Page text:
Over at the other place I've written about the history of European Union legislation on agricultural biodiversity and on a new draft that they think will put matters right. I don't think it will, and I'm saddened to be unable to find any reports of the discussions on the draft that were to have taken place this month. But rather than clutter up that space with polemic, I thought I'd take advantage of my manifold outlets to sound off here.

This is what I think they should do: exempt any seed sold exclusively in small quantities from any and all legislation pertaining to seed varieties.

That needs unpacking.

"Small" will obviously depend on the species. The draft makes a stab at that, distinguishing tomatoes from broad beans. I don't see any problem with establishing upper limits for all the commonly grown species, even cereals. Enough to grow a reasonable quantity for harvest. If your plans are for more, you will want to build up your own seed stocks anyway, adapting the variety to your growing conditions.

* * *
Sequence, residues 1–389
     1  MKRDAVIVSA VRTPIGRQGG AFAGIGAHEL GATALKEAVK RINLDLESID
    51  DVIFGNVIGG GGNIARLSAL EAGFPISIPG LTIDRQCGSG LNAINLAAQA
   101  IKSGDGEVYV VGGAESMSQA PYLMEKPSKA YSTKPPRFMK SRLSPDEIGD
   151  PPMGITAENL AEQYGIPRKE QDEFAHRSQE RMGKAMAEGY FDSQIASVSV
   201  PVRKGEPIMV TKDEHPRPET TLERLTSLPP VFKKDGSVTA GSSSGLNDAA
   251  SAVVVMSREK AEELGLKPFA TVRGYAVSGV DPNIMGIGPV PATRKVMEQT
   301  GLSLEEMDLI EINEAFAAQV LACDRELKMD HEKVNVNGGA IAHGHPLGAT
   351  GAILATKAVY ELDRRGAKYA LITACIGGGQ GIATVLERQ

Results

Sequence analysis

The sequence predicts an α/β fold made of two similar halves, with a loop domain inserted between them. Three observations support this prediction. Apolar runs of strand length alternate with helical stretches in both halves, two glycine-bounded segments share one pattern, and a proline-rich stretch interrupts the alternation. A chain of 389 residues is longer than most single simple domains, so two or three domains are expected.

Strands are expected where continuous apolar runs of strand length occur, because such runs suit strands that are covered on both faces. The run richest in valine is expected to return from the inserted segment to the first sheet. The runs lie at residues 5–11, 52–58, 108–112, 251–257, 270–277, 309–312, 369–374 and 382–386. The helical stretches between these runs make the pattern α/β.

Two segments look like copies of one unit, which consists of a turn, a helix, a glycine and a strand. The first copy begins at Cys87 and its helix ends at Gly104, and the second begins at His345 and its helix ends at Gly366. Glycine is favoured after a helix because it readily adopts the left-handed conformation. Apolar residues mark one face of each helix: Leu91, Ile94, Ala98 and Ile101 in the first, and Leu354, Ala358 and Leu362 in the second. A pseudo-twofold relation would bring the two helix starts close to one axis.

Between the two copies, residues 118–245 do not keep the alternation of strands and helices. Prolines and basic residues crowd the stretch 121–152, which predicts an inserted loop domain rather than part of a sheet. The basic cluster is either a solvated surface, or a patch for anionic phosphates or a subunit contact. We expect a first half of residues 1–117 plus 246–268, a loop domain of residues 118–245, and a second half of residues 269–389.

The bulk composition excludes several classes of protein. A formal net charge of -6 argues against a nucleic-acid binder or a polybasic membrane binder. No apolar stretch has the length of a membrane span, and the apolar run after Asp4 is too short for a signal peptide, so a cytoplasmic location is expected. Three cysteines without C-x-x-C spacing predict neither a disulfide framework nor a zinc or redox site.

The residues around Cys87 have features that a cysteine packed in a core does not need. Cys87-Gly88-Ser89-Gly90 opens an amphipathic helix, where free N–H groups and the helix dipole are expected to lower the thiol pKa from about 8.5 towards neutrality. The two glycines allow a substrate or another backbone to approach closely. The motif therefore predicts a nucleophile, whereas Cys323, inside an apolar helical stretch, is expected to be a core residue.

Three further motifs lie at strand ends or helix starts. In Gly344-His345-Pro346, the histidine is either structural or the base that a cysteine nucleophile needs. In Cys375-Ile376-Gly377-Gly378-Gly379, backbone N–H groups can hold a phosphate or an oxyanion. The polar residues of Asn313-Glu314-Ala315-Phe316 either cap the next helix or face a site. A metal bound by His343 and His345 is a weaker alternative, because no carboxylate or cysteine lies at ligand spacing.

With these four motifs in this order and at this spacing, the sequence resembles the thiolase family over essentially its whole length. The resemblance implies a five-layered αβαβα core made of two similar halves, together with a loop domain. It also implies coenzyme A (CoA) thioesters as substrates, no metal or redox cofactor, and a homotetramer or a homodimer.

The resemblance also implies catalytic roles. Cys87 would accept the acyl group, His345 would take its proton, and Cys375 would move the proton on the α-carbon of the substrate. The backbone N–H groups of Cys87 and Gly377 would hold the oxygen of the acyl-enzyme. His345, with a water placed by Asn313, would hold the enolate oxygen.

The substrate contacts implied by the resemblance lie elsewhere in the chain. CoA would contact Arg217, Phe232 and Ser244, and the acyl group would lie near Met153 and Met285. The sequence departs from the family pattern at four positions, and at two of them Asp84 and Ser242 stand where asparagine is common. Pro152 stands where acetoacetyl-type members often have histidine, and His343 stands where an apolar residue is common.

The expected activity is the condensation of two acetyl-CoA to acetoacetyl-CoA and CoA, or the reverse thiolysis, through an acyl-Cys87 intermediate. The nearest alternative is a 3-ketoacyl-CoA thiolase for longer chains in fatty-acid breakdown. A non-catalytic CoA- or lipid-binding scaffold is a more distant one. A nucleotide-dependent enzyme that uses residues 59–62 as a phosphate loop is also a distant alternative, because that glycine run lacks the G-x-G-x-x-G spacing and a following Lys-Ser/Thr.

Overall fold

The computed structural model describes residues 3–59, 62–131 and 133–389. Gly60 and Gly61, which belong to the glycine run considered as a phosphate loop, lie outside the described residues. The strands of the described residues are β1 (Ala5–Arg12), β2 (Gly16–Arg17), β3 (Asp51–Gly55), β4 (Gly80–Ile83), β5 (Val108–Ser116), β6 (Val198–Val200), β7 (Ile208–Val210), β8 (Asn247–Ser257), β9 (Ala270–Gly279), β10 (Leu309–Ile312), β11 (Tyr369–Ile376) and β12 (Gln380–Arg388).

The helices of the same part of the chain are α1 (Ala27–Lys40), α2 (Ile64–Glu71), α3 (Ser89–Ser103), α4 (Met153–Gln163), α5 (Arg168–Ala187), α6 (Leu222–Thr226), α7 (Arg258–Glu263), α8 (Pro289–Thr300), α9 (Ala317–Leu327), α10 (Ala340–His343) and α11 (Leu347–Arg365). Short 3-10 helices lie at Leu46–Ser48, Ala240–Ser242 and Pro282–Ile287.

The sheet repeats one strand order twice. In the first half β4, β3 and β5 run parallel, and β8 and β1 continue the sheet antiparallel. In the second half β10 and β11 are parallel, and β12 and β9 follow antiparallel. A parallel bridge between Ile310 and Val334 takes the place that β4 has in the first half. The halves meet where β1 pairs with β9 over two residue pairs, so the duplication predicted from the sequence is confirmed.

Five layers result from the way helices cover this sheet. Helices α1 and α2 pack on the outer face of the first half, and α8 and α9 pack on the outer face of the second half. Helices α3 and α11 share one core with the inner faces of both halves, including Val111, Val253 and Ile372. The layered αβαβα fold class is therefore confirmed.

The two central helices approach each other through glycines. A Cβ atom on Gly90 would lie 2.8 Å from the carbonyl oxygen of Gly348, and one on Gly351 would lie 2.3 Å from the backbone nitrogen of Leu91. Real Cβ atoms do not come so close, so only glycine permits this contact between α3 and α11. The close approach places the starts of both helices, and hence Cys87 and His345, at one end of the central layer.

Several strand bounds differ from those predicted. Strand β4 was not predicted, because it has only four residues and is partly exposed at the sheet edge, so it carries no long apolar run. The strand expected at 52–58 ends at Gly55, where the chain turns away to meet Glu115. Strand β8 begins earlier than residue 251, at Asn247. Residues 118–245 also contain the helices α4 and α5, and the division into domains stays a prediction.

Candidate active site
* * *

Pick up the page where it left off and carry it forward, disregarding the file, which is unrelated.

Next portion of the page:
"Exclusively" is important. Few farmers, and fewer gardeners, realize how restricted the supply of seed really is. Company A sells a kilo of seed to Company B, who splits it into 100 gram lots that other companies then package into 1 gram envelopes, just like drug dealers. They're not the ones who should benefit from any relaxation of the rules. Only people who never buy or sell in bulk, who would almost certainly be growing their own supplies, should be able to market uncertified varieties.

As for quality, ordinary consumer legislation will suffice to protect people from seed that doesn't germinate. And if the growers are worried about the seed not performing, whatever that means, let them buy certified seed and see how much compensation that buys them.

Theft of intellectual property can be dealt with simply too; let the owner of any rights protect them by pursuing the putative thieves. It'll be easy enough to keep tabs on names, and without a good name there's no great benefit to be had in stealing the stuff anyway.

The big benefits will be a blossoming of biodiversity, as small growers find it worth their while to trade surplus seeds. Farmers and gardeners will enjoy the satisfaction of growing what they choose, and of developing the skills to make the right choices and then extract the best performance from those choices. The bureaucrats would have less to do. And the big seed companies could stop pretending they give a damn.

There must be a downside, but I'm blowed if I can see it.

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